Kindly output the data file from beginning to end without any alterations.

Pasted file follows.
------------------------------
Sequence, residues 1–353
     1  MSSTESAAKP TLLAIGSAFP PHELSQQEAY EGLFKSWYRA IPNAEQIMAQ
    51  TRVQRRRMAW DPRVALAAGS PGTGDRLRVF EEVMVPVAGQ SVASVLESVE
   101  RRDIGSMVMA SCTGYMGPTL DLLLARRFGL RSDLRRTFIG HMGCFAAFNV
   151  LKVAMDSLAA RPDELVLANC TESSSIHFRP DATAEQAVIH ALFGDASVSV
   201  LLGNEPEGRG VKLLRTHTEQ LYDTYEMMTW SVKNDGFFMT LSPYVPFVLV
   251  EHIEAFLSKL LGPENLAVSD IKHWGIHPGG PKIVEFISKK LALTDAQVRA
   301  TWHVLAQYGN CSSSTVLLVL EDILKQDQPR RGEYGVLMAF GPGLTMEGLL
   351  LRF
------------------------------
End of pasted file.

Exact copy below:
Sequence, residues 1–353
     1  MSSTESAAKP TLLAIGSAFP PHELSQQEAY EGLFKSWYRA IPNAEQIMAQ
    51  TRVQRRRMAW DPRVALAAGS PGTGDRLRVF EEVMVPVAGQ SVASVLESVE
   101  RRDIGSMVMA SCTGYMGPTL DLLLARRFGL RSDLRRTFIG HMGCFAAFNV
   151  LKVAMDSLAA RPDELVLANC TESSSIHFRP DATAEQAVIH ALFGDASVSV
   201  LLGNEPEGRG VKLLRTHTEQ LYDTYEMMTW SVKNDGFFMT LSPYVPFVLV
   251  EHIEAFLSKL LGPENLAVSD IKHWGIHPGG PKIVEFISKK LALTDAQVRA
   301  TWHVLAQYGN CSSSTVLLVL EDILKQDQPR RGEYGVLMAF GPGLTMEGLL
   351  LRF